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Alan Cohen

How Mechanic’s Liens Are Effective Ways to Collect Your Monies

If you are unlucky enough to have done business with construction companies or property owners who seem to be rolling in cash, but never have time to pay, you’ll soon find out the importance of a mechanic’s lien in Massachusetts in debt recovery. It is not unheard of for corporations or individuals to engage in various unfair tactics to try to weasel out of a deal with a general contractor, supplier or subcontractor after receiving labor, materials or equipment for a construction project.

If you work in or supply materials to the construction industry and are not using mechanic’s liens for your debt recovery, you are missing out on a valuable tool. Your industry is the only one with this type of collection tool, and it works very well. For contractors, sub-contractors and suppliers, a mechanic’s lien protects you from deadbeats on the jobsite.

Why Should I File a Mechanic’s Lien With a Trusted Attorney?

Before we can get into the risks of not filing a mechanic’s lien, it’s important to take a step back and find out why you are contemplating a mechanics lien. There’s a good chance that you are probably thinking about recording a mechanic’s lien because you’re worried that you might not get paid for the improvements that your company had provided to the jobsite. While the details of this situation will vary from project to project and person to person, there are a few key points to keep in mind that are shared by anyone who is thinking about filing a mechanics lien. To be able to take advantage of this debt recovery tool you need:

1. A written contract. In Massachusetts, it does not have to be a single document. It can be a series of emails, texts or other writings that when read together reflect an offer, an acceptance of the offer, a description of what the service or material that is being provided and where it is to be provided, It is helpful that the writings also reflect how much is to be paid for the service or material.

2. To be timely. Under certain provisions of c. 254, the mechanic’s lien statute, you must record the first component of the mechanic’s lien, the Notice of Contract within 90 days of the date that you last provided materials and/or labor to the job site. Just because it is a deadline does not mean that you have to wait to that point to record the Notice of Contract.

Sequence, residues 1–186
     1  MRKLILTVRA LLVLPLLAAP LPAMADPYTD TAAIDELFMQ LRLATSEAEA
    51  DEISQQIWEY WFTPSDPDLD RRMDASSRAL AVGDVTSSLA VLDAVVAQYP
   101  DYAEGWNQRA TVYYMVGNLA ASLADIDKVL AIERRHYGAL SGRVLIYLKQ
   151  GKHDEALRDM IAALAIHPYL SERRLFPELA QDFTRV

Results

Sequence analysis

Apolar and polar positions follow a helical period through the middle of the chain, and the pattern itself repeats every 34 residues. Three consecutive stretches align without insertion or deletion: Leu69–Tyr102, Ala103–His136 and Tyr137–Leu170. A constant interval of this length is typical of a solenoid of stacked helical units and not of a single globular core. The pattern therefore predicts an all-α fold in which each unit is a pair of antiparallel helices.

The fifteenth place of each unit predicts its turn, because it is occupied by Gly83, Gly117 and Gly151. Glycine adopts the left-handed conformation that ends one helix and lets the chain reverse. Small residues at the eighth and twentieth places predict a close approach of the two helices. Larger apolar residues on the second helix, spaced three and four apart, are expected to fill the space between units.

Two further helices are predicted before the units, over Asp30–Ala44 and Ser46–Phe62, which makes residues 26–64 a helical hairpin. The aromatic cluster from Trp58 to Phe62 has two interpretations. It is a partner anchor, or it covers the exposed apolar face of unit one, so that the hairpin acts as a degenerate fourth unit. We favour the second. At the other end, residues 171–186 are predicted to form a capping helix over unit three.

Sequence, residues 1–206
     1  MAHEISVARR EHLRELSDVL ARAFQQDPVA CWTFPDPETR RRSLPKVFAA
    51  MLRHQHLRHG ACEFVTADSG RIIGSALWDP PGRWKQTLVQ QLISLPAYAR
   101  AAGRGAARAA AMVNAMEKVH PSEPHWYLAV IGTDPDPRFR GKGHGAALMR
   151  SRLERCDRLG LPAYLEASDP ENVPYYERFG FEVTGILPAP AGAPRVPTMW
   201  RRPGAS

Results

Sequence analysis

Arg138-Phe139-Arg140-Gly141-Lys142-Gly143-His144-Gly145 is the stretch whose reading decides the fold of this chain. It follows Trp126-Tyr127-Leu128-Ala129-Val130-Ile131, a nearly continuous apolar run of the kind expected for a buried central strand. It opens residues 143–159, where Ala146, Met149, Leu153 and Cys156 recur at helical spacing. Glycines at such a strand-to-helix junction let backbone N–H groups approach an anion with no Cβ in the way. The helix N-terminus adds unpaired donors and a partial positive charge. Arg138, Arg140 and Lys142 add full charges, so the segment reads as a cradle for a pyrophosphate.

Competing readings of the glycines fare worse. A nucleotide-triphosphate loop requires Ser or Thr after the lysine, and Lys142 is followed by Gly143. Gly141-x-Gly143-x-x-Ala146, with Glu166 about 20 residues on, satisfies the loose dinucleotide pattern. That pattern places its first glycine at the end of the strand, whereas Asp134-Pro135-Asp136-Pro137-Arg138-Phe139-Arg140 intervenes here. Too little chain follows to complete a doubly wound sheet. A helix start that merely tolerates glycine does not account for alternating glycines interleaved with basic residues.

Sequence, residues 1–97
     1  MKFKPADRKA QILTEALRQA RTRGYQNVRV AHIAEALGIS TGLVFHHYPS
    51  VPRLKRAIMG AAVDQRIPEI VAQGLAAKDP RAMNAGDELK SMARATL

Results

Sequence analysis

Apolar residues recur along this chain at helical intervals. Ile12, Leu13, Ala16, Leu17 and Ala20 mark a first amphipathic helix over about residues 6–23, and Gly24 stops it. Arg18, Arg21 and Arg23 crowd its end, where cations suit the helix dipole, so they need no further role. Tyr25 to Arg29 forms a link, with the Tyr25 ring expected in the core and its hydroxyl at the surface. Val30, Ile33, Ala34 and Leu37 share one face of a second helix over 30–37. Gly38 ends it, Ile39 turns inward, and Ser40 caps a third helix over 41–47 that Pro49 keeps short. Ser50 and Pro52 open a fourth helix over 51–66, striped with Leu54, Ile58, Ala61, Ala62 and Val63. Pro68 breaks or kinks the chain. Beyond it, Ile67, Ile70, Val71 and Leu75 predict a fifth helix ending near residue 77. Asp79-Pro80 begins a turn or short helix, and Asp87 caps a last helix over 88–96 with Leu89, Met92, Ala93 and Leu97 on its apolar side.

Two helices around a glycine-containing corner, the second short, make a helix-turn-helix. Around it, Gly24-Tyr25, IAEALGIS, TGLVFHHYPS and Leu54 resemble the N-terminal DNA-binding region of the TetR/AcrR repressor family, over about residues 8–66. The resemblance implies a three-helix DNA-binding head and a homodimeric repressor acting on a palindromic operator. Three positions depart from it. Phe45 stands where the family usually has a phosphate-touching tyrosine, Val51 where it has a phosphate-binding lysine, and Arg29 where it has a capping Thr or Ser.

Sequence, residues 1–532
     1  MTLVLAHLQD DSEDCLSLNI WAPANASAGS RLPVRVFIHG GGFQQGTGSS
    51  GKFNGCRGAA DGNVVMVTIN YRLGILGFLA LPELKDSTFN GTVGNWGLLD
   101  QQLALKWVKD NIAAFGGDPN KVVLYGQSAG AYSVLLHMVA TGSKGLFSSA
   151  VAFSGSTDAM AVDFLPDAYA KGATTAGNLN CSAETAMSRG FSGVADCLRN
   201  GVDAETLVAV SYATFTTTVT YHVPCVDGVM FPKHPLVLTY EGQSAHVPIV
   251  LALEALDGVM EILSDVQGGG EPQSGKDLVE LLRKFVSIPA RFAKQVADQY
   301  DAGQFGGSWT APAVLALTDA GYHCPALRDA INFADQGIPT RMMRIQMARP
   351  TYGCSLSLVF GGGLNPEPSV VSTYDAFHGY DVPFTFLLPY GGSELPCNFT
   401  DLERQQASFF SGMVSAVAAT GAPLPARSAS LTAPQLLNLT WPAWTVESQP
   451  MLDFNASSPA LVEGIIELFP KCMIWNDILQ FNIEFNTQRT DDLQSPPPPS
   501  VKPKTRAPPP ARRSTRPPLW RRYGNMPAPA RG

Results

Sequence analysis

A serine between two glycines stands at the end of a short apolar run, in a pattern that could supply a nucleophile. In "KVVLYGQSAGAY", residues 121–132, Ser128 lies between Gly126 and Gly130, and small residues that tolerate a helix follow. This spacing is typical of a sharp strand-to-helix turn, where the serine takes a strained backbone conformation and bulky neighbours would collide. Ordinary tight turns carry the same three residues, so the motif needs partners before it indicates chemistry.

3. To record the Notice of Contract before the contractor or subcontract who hired you abandons the job. If you try to enforce a mechanic’s lien after an abandonment, the law is not in your favor. Remember a mechanic’s lien is only good as to monies due or to become due. In the event of an abandonment, the mechanic’s lien law in Massachusetts is that once there has been an abandonment by a contractor, there are no monies due or to become due to that contractor. What this means to you is that if you snooze, you very well could lose big time.

4. To give the record owners of the property notice of the mechanic’s lien.

5. To record a Statement of Account within 120 days after you or the person or entity through whom you are making the claim, last performed work or supplied materials to the project site. If you are 121 days from that deadline, you are one day too late. The law will not forgive your error.

6. To file suit within 90 days from the date on which you recorded the Statement of Account.

7. To record a certified copy of the complaint in the correct registry of deeds within 30 days from the date that you filed suit.

8. To serve the defendant within 90 days of filing suit.

There are many owners in the construction business that prefer not to file a mechanic’s lien, thinking that it might damage the reputation of their business or that it might have a negative impact on their business relationships. To those business owners who are having these thoughts, think about it this way: if you are going through a non-payment situation that’s bad enough to put you out of business, you won’t need to worry about your reputation because there will be no business left to worry about.